Rejuvenating stem cells in the aging brain of mice improve the regeneration of injured or diseased areas in the brain

via University of Luxembourg

Scientists from the Luxembourg Centre for Systems Biomedicine (LCSB) of the University of Luxembourg and from the German Cancer Research Center (DKFZ) have been able to rejuvenate stem cells in the brain of aging mice.

The revitalised stem cells improve the regeneration of injured or diseased areas in the brain of old mice. The researchers expect that their approach will provide fresh impetus in regenerative medicine and facilitate the development of stem cell therapies. Their results were published today in the journal “Cell”.

All cells making up our organs originate from stem cells. They divide and the resulting cells develop into specific tissue cells, forming the brain, lungs or bone marrow. With age, however, the stem cells of living organisms lose their ability to proliferate. Many of them lapse into a permanent state of quiescence.

In order to create as accurate as possible computational models of stem cell behaviour, the LCSB’s Computational Biology Group led by Prof. Antonio del Sol applied a novel approach. “Stem cells live in a niche where they constantly interact with other cells and extra-cellular components. It is extremely difficult to model such a plethora of complex molecular interactions on the computer. So we shifted perspective. We stopped thinking about what external factors were affecting the stem cells, and started thinking about what the internal state of a stem cell would be like in its precisely defined niche.”

The novel approach led to in a new computational model developed by Dr. Srikanth Ravichandran of the Computational Biology Group: “Our model can determine which proteins are responsible for the functional state of a given stem cell in its niche – meaning whether it will divide or remain in a state of quiescence. Our model relies on the information about which genes are being transcribed. Modern cell biology technologies enable profiling of gene expression at single cell resolution.”

It was previously unknown why most of the stem cells in the brain of old mice remain in a state of quiescence. From their computational model, the researchers at the LCSB identified a molecule called sFRP5 that keeps the neuronal stem cells inactive in old mice, and prevents proliferation by blocking the Wnt pathway crucial for cell differentiation.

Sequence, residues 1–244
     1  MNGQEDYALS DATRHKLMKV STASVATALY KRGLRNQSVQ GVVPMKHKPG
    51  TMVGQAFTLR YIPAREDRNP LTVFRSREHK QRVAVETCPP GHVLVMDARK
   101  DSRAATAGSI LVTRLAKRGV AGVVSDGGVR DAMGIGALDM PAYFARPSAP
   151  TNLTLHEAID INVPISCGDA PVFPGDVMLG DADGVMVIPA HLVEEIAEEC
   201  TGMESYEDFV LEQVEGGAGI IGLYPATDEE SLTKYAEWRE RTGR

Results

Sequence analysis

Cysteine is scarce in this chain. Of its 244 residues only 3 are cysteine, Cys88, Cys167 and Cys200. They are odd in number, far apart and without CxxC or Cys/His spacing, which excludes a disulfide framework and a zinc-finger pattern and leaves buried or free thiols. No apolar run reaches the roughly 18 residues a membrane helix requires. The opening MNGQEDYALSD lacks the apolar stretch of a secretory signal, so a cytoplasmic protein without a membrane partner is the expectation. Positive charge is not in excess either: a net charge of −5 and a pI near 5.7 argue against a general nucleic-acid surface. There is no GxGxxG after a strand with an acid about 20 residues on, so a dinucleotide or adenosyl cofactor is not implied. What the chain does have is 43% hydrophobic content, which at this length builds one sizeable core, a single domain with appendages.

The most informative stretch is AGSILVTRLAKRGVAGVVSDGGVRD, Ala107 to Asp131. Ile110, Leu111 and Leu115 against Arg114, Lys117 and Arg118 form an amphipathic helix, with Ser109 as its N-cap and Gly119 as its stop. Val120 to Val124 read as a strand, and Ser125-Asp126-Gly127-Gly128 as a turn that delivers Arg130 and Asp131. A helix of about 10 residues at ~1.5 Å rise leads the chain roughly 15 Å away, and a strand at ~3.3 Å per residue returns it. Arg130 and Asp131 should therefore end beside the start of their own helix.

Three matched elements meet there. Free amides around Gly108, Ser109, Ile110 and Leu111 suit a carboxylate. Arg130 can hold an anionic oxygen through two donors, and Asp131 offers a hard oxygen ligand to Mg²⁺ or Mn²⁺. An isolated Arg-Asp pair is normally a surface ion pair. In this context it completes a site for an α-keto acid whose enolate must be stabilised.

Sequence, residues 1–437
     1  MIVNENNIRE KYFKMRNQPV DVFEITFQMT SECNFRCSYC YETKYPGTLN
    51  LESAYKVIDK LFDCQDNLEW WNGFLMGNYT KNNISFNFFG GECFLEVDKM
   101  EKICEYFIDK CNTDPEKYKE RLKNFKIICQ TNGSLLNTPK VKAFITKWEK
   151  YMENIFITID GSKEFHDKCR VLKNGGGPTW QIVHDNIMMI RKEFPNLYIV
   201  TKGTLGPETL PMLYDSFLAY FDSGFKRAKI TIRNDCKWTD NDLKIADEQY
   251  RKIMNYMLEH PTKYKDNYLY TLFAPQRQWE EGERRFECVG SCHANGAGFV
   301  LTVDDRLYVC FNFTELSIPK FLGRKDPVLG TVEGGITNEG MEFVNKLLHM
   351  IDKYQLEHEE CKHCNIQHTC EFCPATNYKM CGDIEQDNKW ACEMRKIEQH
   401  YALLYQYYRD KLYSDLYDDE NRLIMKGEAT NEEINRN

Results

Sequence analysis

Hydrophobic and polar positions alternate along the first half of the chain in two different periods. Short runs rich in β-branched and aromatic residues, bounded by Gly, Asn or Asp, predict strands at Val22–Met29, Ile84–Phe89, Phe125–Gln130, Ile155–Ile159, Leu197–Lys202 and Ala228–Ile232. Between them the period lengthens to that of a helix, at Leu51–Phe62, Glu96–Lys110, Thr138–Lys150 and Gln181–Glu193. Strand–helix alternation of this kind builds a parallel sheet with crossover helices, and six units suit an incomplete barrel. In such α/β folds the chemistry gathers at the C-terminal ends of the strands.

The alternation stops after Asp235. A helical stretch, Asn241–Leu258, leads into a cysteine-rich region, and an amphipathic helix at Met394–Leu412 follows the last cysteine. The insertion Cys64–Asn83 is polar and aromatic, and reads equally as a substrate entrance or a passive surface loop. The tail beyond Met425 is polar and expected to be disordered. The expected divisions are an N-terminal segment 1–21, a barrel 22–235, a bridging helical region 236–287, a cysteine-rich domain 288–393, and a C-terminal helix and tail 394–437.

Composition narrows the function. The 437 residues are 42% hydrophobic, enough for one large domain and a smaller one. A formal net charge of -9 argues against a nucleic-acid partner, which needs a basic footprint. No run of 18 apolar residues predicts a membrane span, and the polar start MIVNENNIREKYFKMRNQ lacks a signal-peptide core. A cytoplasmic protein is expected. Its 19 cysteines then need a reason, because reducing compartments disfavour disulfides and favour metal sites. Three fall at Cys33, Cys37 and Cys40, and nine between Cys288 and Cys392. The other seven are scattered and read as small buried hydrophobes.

A rejuvenation for stem cells

Then the long-standing expertise in neural stem cells of the collaborators at the German Cancer Research Center (DKFZ) came in: Studying stem cells first in a dish and then later directly in mice, they could experimentally validate the computational prediction. When neutralising the action of sFRP5, the quiescent stem cells did indeed start proliferating more actively. Thus, they were available again to be recruited for the regeneration processes in the aging brain. “With the deactivation of sFRP5, the cells undergo a kind of rejuvenation,” del Sol says: “As a result, the ratio of active to dormant stem cells in the brain of old mice becomes almost as favourable as in young animals.”

“Our results constitute an important step towards the implementation of stem cell-based therapies, for instance for neurodegenerative diseases,” Antonio del Sol says. “We were able to show that, with computational models, it is possible to identify the essential features that are characteristic of a specific state of stem cells.” This approach is not limited to studying the brain. It can also be used to model stem cells of other organs in the body. “The hope is that this will open avenues for regenerative medicine,” says del Sol.